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Funding gap puts Poland's debut on ice

WARSAW (AFP) –

Traditional rival rugby union was brought to Poland by the French in the 1920s

Poland’s dreams of making their international rugby league debut are on ice after a funding gap meant they had to call off plans for a match with Hungary.

Poland’s dreams of making their international rugby league debut are on ice after a funding gap meant they had to call off plans for a match with Hungary.

“We’ve had to cancel the trip to Hungary, and are likely to take another look at this issue next year,” the squad’s founder Lukasz Lucka told AFP on Wednesday.

“The team are pretty disappointed, and it’s not good for morale. We really need a game to keep up the players’ motivation for training,” half-back Lucka said.

Carved from their country’s only rugby league club – the Magpies, set up last year in the central city of Lodz – the newborn national team had been planning to face Hungary on Saturday.

Calling off the match is a blow to Poland’s hopes of playing a role part in rugby league’s expansion in continental Europe, as the sport’s authorities try to spread it from its heartlands of Australasia, northern England and the south of France.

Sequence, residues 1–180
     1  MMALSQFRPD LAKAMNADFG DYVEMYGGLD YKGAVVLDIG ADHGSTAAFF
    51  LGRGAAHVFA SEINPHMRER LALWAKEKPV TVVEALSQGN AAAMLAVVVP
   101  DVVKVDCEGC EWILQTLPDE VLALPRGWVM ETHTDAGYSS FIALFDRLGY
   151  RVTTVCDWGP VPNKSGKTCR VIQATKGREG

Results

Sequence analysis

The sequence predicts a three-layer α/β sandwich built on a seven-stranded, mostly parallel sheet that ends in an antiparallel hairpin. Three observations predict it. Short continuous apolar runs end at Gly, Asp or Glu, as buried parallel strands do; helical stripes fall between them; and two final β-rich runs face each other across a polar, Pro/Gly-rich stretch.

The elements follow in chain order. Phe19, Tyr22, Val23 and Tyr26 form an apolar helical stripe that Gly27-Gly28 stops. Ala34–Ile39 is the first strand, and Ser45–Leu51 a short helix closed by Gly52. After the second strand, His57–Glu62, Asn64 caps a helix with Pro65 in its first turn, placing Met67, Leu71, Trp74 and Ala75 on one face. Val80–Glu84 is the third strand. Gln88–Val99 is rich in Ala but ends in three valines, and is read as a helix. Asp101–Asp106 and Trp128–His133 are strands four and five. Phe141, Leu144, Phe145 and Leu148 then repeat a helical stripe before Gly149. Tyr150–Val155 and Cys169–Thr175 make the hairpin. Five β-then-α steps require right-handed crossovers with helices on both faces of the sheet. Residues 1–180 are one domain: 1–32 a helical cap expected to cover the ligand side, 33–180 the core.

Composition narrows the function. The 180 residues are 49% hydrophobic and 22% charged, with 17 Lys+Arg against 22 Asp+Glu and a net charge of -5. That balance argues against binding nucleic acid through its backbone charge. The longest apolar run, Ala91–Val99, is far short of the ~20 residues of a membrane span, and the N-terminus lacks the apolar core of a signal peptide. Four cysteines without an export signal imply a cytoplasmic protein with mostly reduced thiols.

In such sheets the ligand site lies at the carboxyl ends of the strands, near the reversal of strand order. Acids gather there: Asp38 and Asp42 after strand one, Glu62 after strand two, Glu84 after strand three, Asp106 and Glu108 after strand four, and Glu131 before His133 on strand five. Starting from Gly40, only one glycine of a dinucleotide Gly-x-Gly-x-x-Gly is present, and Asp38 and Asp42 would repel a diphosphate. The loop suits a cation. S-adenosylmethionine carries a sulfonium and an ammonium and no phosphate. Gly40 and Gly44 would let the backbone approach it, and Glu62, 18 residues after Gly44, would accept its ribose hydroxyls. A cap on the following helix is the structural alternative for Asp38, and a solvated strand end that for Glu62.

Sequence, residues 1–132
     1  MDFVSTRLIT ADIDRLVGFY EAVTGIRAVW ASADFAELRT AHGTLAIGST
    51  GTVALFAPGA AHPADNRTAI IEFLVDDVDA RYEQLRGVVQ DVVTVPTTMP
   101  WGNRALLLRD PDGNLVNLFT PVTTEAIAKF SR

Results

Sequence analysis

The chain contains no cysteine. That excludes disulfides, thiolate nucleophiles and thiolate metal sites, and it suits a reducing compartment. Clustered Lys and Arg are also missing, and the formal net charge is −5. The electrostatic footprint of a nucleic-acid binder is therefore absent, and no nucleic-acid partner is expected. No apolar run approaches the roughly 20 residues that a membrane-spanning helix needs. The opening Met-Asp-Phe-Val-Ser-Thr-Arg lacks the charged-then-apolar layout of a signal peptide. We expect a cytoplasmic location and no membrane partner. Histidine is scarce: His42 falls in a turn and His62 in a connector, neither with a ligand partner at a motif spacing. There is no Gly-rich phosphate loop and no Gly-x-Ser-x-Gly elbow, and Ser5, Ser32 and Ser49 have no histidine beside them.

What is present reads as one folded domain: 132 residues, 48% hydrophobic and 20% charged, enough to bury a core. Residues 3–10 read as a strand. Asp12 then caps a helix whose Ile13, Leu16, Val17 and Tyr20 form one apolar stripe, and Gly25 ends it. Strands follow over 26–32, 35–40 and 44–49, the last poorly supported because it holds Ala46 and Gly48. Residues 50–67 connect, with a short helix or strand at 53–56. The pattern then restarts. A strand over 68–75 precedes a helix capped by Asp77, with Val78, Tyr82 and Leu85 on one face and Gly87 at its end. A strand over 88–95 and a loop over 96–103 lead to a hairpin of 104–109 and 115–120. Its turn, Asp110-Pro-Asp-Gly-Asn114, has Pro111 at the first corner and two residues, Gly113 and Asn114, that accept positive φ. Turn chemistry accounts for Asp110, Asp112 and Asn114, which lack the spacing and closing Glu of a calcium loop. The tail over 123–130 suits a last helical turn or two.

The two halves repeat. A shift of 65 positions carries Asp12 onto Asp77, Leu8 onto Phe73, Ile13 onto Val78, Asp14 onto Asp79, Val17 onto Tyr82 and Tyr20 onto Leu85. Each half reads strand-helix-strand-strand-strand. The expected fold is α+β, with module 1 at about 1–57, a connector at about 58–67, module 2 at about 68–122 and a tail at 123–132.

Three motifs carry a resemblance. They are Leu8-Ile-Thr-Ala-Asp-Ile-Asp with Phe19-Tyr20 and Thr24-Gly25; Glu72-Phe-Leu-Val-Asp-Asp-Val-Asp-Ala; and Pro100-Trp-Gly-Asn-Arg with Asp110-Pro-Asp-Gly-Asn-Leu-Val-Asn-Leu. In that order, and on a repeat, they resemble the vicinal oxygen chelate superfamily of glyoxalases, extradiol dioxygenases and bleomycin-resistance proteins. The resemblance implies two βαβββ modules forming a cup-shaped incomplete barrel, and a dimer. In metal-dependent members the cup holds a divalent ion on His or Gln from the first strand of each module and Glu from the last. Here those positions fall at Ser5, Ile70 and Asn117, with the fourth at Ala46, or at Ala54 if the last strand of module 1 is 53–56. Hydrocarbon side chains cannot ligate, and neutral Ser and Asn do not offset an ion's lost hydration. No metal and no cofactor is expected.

Unbowed, Lucka said they were already thinking of a new way to enter the international arena.

“We’re now eyeing a trip in February, and there’s a chance that we could go to Italy,” he said. “But that’s still far away and no final decision has been made.”

Even though the Hungary game was off, the team are hopeful of attracting local and even international sponsors after a flurry of emails in the wake of an AFP report on their financial problems earlier this month.

The Magpies and Poland, essentially the same squad, insist that they have no pretence to become big on the rugby league scene but simply want to enjoy a sport that Lucka only discovered last year.

The Magpies made history for 13-player rugby league in July, taking on the visiting Pioneers, a team of British and Irish student players.

They lost 98-0, 82-0 and, playing as Poland, 158-0, but said they were glad of the experience and keen to test themselves at full international level.

They are based in a tough district of Lodz – a fitting nod to rugby league’s working class roots – and are made up of players in their late teens and early twenties who had never picked up a rugby ball before.

They are shoestring operation, playing in kit donated by Australian clubs.

Three clubs are needed to form a Polish national association which can then join the Rugby League European Federation.

Traditional rival rugby union was brought to Poland by the French in the 1920s.

While that 15-player code draws only a few thousand players in a nation of 38 million, its boasts three amateur divisions and a national team in Europe’s third tier.

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